Say What You Mean
- Hassan Rana
- Friday, 18 October 2013 08:57
What we say serves to shape our identity in the minds of others and creates
expectations. By living the values we profess i.e. talking our intended walk, we build credibility over time – a reward worth having.
New perspectives were gained from managers while I was conducting ‘Walk your talk’ workshops a few years ago. At first, ‘Walk your talk’ seemed a simple enough idea, but this was not to be. Situations we face every day do not lend themselves to simple ‘black and white’ thinking. There are infinite shades of grey in between.
Saying what you mean in the ‘grey’ zone requires a much deeper analysis and understanding of a situation and with a good sense of timing to boot. There are occasions when speaking the truth is not advisable, particularly if it harms someone, and also yields no benefit. At times a ‘white lie’ may be the best course of action to solve a particular problem. All this, however, should be done without in any way being unethical.
‘Walk your talk’ is about execution; it’s about your personal leadership that is imbued with integrity as you make things happen. It takes confidence to deliver on promises you make by walking your talk.
Saying what you mean is a crucial aspect of professionalism, which remains a crying need in organizations. Professionalism invites us to ‘profess’ or lay a claim to some types of expertise we possess. It is about us declaring our capability.
What we say serves to shape our identity in the minds of others and creates expectations. By living the values we profess i.e. talking our intended walk, we build credibility over time – a reward worth having.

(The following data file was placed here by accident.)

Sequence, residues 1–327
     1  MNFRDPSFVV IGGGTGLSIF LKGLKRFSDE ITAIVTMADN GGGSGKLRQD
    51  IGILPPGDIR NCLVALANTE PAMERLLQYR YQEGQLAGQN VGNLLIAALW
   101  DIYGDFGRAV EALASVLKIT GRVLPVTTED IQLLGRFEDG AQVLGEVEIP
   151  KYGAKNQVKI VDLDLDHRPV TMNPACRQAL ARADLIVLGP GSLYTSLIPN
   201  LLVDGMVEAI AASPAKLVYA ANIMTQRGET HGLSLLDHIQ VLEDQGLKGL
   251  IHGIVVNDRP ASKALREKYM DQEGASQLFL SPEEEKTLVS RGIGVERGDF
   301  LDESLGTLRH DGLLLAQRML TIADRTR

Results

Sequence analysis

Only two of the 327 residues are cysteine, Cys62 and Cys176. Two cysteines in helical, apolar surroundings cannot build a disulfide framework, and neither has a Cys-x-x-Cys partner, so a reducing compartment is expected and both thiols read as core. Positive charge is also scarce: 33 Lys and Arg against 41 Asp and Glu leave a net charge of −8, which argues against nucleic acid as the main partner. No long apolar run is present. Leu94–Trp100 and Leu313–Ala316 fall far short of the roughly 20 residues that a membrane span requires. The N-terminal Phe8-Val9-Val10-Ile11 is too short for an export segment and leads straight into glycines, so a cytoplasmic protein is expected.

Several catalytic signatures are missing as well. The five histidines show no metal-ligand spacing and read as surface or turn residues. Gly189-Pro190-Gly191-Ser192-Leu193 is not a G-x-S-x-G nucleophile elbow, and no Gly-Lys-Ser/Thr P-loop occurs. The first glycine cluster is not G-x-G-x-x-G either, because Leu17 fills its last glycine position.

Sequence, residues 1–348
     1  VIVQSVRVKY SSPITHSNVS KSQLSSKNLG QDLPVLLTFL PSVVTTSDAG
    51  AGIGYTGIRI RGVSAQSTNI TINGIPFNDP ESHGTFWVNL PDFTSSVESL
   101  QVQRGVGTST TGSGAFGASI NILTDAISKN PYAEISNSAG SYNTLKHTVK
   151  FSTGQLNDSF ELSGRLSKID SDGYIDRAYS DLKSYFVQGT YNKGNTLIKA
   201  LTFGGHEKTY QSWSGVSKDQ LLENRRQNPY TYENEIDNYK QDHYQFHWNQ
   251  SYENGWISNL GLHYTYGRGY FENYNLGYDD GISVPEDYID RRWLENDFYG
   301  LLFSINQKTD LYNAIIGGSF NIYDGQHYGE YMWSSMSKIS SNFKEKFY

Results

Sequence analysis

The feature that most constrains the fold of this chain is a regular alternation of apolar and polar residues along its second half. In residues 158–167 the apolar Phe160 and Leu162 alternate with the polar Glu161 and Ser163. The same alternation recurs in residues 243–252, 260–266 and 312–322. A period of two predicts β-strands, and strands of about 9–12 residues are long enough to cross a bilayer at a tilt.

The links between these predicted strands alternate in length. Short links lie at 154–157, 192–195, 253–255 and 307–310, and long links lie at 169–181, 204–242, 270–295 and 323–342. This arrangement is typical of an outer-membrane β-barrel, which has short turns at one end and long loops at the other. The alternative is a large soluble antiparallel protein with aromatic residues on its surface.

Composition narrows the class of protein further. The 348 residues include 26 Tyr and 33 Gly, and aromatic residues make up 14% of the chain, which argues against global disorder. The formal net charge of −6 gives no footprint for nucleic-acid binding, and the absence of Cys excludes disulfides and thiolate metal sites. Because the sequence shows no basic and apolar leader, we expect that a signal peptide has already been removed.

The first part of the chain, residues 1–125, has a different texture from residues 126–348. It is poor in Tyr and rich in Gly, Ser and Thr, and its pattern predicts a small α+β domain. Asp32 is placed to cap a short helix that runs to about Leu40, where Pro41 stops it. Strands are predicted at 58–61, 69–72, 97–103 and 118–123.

You don’t have to go very far to discover your real values. Decisions you make in every day life reveal what you actually consider important. Just this morning, outside International Arrivals at Islamabad Airport, I saw a group of passengers getting off a bus. One of them was a smartly dressed gentleman in a dark suit. It was surprising to see this seemingly refined and educated individual casually drop litter on the floor as soon as he set foot on the tarmac. I wondered whether, if asked, he would claim cleanliness to be one of his values!?
Some values are personal to us, while others have to do with the collective. Observe how people keep their homes clean, yet litter is strewn outside their boundary walls. Many drivers, chauffeurs or owners, clean their cars, yet mindlessly chuck the rubbish outside on the street. We talk of discipline, yet lose our temper at the slightest mistake made by others.
Try sharing your values at home, in your organization and amongst friends. Be prepared to receive feedback in the form of criticism from those who care for you. They will convey inconvenient truths every time your conduct varies from your stated creed. In this context, what you claim is just like your ‘specimen signature’ at the bank - a pattern of your writing – a description of your identity. Your ‘cheque’ (your actions) will not be honored; if your ‘signature’ on the cheque varies from the ‘specimen signature’ (your claim) you gave to the bank at the time of opening your account.